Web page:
During the SHOT show in 2019, Aimpoint released a new contender for the pistol mounted red dot sight market called the ACRO. Aimpoint has become the default option for red dot sights on long guns of all stripes due to a history of producing optics that have extraordinary battery life and a well earned reputation for nearly bomb-proof reliability.
Red dots are nothing new to handguns, of course, as competitors have been using them for years. Crucially, they have been running red dots on a static mount that is attached to the frame of the handgun. This means the optic doesn’t really experience any of the forces involved in the cycling of the pistol. Unfortunately this arrangement isn’t practical for a duty or concealed carry weapon.
It became clear fairly early on that if you want to have a red dot sight (RDS) mounted to a pistol for duty or concealed carry that it needed to be fitted to the slide of the pistol somehow. Various attempts were made at fixtures that fit into the rear sight dovetail allowing mounting an optic. Eventually it seemed that milling the slide to accept the optic directly is the best way to accomplish the task.
The forces an optic is exposed to while mounted to the slide of a semi-automatic handgun are considerable, especially when you consider how small the internal components have to be to create an optic that is compact enough to fit up there in the first place. Trijicon’s popular RMR sight was a natural fit for the purpose, but early generations of the RMR tended to get beaten to a premature death living on top of the slide of a pistol. Later generation RMR’s are much improved in durability, but their open-emitter design and the need to remove the optic to replace the battery (often requiring re-zeroing your pistol) left plenty of room for an RDS option that was more impervious to the elements and allowed a battery change without removing the optic.
Enter the ACRO: A closed emitter design that incorporates what Aimpoint has learned about making a durable, reliable optic in the last 45 years. Their long-gun oriented red dots are the gold standard for durable, combat-reliable optics with widespread adoption by police and military forces around the world. So naturally if anyone could make the killer pistol RDS it would have to be Aimpoint, right?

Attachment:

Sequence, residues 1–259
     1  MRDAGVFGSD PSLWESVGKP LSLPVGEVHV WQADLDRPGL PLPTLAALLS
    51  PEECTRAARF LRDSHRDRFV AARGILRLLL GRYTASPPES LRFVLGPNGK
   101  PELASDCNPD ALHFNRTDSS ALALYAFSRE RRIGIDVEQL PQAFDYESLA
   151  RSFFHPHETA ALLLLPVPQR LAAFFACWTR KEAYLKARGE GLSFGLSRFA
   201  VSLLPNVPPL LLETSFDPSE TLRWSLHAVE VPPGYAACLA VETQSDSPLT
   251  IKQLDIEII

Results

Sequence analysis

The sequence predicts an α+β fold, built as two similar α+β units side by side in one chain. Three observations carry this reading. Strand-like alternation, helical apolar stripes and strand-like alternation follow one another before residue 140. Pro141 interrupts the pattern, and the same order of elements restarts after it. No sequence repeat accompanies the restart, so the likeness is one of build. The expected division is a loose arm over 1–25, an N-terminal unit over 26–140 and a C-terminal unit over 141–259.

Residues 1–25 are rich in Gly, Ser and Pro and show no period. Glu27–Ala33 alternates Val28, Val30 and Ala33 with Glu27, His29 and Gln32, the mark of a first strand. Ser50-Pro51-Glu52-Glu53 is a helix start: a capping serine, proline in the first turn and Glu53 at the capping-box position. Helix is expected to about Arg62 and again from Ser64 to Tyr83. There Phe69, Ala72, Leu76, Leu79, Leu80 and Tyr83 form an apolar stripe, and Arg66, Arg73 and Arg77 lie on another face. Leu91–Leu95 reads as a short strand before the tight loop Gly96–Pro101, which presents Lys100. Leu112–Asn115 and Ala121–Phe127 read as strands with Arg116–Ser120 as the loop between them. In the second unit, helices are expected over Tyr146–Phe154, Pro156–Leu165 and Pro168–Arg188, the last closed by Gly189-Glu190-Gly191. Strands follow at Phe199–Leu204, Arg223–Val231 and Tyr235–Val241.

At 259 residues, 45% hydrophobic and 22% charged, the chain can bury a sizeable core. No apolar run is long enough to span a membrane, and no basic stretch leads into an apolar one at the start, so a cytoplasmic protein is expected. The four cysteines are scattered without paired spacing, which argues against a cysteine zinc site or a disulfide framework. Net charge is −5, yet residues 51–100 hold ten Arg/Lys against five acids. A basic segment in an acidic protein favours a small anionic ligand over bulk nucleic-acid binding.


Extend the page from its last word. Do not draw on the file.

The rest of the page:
Aimpoint even claims that the optic was tested to 20,000 rounds through a Glock chambered in .40 S&W. That exact weapon is used by an elite counter-terrorism unit that has been experimenting with combat application for pistol-mounted red dots for years. To those in the know, this was no coincidence.
I pre-ordered my Aimpoint shortly after SHOT and in late May I received my ACRO from the big brown truck of happiness.
There are some decisions to be made after you have started walking the path of the pistol-mounted RDS.
The first thing you must decide is how, exactly, are you going to mount the optic? Are you going to have a company mill the slide of your pistol? Perhaps purchase a new slide that comes pre-milled for your optic of choice?
I made the decision to purchase a Gen5 Glock 17 MOS pistol. I knew that Aimpoint had done a lot of testing with Glock MOS pistols and that the 9mm MOS offerings from Glock were likely to win a number of large federal contracts in the near future. Shortly after my purchase the US Border Patrol and the United States Secret Service both announced they were adopting Gen5 9mm pistols for issue, and that MOS guns were going to be part of those contracts.
Purchasing the MOS Glock avoids the need to have a pistol permanently altered at considerable expense, and keeps my equipment in line with the way large-scale institutional users will likely end up mounting dots to their pistols. Plus it was an excuse to buy a new gun…and who doesn’t like that?